Fish is a great source of protein and essential oils. It’s also fairly easy to tell when it’s cooked – the flesh goes from being translucent (mostly see-through) to opaque.
Fish is one of my favourite foods, but it can be dry and tough when over-cooked. That’s why I like this technique; it gently steams the fish and gives you a bit of leeway in cooking times. The fancy name for this technique is cooking en papillote, which is just French for in parchment. I usually use foil though.
You will need:
- aluminium foil
- a baking tray
- an oven
- oven gloves
and the ingredients:
- 1 fillet of fish per person
- a little lemon juice
- a pinch of salt
Start by turning on your oven to Gas Mark 4, 180° (160° fan).
Cut pieces of aluminium foil to size. It needs to be big enough to go around your fillet; I find that a square about half the width of the roll fits most pieces of fish.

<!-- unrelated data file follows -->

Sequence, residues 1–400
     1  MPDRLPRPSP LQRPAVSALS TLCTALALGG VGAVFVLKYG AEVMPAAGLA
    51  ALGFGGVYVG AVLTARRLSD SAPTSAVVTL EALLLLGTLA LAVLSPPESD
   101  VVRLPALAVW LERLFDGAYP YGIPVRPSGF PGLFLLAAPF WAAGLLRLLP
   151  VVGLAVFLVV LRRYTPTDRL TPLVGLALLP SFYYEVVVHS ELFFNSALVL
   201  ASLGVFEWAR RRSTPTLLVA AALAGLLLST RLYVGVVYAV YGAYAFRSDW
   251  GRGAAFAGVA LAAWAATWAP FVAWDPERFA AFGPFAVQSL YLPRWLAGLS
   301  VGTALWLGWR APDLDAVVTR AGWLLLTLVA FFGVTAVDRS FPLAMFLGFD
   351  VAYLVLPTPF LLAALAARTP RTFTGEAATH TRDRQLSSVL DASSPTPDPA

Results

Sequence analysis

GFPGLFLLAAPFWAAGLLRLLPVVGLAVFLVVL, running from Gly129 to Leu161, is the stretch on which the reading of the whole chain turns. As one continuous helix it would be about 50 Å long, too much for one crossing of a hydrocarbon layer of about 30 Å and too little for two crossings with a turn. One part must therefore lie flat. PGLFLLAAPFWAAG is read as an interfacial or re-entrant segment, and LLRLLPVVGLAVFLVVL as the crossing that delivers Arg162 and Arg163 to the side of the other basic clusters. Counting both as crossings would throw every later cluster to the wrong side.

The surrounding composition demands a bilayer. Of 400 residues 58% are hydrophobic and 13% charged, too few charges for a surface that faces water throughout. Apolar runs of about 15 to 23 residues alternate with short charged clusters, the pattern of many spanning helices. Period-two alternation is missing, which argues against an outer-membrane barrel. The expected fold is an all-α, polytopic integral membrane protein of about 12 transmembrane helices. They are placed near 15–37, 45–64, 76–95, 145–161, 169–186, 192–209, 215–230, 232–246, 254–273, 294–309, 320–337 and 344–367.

Put your fish in the middle of the foil, and add a little sprinkle of lemon juice and salt.
Fold the foil up around the edges of the fish, leaving space around the edges and sides, and roughly pinch it together at the top. The aim here is to make a little fish parcel that can fill up with steam, but it needs to let some of the steam escape so that it doesn’t burst.
Place your foil parcel(s) on a baking tray and bake in the oven. Oily fish like salmon will take 20-25 minutes, while white fish like cod take only 10-15 minutes to cook.
After the cooking time has passed, open the fish parcel and check that the fish is cooked through. (Be careful – it’s hot!)
You can try out a lot of different flavours in these little fish parcels, which makes them really versatile! Why not try adding some herbs like parsley or lemongrass, or spice it up with a pinch of chilli. You could also replace the lemon juice with vinegar for a different twist.
Remember to wash up and then reuse or recycle your aluminium foil!